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Publication numberUS4759948 A
Publication typeGrant
Application numberUS 07/008,252
Publication dateJul 26, 1988
Filing dateJan 29, 1987
Priority dateJan 29, 1986
Fee statusLapsed
Publication number008252, 07008252, US 4759948 A, US 4759948A, US-A-4759948, US4759948 A, US4759948A
InventorsIsao Hashimoto, Yuzo Oka
Original AssigneeHitachi, Ltd.
Export CitationBiBTeX, EndNote, RefMan
External Links: USPTO, USPTO Assignment, Espacenet
Film formation through co-deposition with high and low energy beams
US 4759948 A
Abstract
Manufacturing of film through co-deposition with a high-energy beam and a low-energy beam. The low-energy beam is produced by electron beam heating or resistance heating. The high-energy beam is produced by a bucket-type ion source in which a magnetic field of multi-cusp-like configuration are employed and is composed of pulse trains in which each pulse has a duration not longer than 10 sec. and preferably in a range of 1 to 100 msec. The high-energy beam serves to clean the surface of the workpiece and form a mixed layer at interface between the workpiece and the deposited film. A film having a high quality and a strong adhesion can be obtained.
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Claims(15)
We claim:
1. A method of forming a film on a workpiece in the evacuated atmosphere, comprising steps of:
mounting the workpiece within a vessel capable of being evacuated;
evacuating said vessel;
producing a train of pulses of high-energy beam to irradiate said workpiece; and
producing a low-energy beam to irradiate said workpiece.
2. A method of forming a film on a workpiece according to claim 1, wherein said workpiece is irradiated concurrently with both of said high-energy and low-energy beams during a same period.
3. A method of forming a film on a workpiece according to claim 2, further including a step of irradiating the workpiece with only the high-energy beam in precedence to co-deposition with said high-energy beam and said low-energy beam.
4. A method of forming a film on a workpiece according to claim 1, wherein said high-energy beam is constituted by particles having energy not lower than 1 KeV.
5. A method of forming a film on a workpiece according to claim 4, wherein said particles are ions produced from a gaseous substance.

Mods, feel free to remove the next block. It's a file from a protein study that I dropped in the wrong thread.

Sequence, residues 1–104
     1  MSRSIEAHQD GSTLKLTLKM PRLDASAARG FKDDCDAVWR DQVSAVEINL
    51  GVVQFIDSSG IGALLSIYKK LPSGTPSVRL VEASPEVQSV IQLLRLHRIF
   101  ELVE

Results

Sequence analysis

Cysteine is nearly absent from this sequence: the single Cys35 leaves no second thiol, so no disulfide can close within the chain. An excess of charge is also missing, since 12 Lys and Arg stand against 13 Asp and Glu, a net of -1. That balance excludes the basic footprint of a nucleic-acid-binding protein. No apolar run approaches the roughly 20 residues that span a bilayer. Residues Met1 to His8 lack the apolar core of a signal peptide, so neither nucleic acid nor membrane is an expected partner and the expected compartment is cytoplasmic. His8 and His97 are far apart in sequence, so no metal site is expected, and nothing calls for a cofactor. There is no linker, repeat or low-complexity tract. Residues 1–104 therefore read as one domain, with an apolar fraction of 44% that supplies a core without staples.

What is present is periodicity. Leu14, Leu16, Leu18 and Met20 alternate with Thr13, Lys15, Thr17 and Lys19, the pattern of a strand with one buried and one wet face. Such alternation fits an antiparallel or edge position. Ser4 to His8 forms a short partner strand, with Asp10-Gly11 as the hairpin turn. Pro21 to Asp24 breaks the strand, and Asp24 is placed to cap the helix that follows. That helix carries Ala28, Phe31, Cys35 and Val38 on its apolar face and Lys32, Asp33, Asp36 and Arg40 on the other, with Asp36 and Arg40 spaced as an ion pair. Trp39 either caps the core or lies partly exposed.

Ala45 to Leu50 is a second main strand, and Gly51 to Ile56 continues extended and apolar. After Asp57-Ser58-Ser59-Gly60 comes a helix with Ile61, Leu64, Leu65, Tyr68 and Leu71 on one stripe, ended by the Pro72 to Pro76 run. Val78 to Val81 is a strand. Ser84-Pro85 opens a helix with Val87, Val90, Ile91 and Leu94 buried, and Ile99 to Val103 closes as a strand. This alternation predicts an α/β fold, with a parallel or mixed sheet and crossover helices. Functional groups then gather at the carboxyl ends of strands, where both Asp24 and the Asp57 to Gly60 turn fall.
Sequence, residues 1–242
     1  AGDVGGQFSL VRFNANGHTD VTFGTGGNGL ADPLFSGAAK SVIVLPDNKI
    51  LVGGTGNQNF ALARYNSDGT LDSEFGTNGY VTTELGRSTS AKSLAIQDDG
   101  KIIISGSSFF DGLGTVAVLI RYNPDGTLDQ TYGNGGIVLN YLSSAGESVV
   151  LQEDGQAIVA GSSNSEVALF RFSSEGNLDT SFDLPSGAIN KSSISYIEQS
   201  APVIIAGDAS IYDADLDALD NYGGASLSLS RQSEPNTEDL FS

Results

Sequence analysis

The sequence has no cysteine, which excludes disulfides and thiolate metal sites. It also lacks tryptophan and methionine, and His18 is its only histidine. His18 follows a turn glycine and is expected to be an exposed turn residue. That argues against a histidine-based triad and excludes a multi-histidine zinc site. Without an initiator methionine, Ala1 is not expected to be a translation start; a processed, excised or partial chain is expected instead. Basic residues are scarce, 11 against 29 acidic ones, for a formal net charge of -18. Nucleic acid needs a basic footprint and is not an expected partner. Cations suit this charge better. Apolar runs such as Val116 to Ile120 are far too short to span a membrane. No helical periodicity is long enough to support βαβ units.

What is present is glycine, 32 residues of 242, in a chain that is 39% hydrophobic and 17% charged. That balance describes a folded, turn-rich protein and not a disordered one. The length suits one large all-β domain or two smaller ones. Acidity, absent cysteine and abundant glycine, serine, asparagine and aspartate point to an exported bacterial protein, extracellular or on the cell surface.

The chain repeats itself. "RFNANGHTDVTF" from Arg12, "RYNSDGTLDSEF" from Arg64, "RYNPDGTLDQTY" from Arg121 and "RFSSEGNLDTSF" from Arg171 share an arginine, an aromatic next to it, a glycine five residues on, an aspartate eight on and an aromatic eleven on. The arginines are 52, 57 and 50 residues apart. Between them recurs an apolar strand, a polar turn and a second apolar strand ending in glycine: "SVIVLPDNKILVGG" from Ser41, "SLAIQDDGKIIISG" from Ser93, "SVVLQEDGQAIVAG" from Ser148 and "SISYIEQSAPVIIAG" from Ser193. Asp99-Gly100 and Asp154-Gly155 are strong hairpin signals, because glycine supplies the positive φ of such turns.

6. A method of forming a film on a workpiece a according to claim 5, wherein said gaseous substance is one selected from a group consisting of oxygen, nitrogen, hydrogen and mixtures thereof.
7. A method of forming a film on a workpiece according to claim 1, wherein said low-energy beam is produced by heating a solid material.
8. A method of forming a film on a workpiece according to claim 7, wherein heating is accomplished by means of an electron beam.
9. A method of forming a film on a workpiece according to claim 1, wherein said high-energy beam and said low-energy beam are so controlled in respect to the quantity that a predetermined ratio of component can be realized when deposited on the workpiece.
10. A method of forming a film on a workpiece according to claim 9, wherein substance constituting said high-energy beam and substance constituting said low-energy beam are combined to form a compound in the deposite film.
11. A method for forming a film on a workpiece according to claim 1, wherein the vessel is a hermetically sealed vessel, and further comprising the steps of supporting the workpiece within the vessel, utilizing a low-energy beam source disposed within the vessel to produce the low-energy beam constituted by particles of low energy to irradiate the workpiece, utilizing a bucket-type ion source connected to the vessel and including magnets for forming a magnetic field of a multi-cusp configuration for producing the high-energy beam constituted by particles of high energy, utilizing a control circuit for controlling the bucket-type ion source to produce the train of pulses of the high-energy beam to irradiate the workpiece, and irradiating the workpiece with the high-energy beam and the low-energy beam to form a film on the workpiece.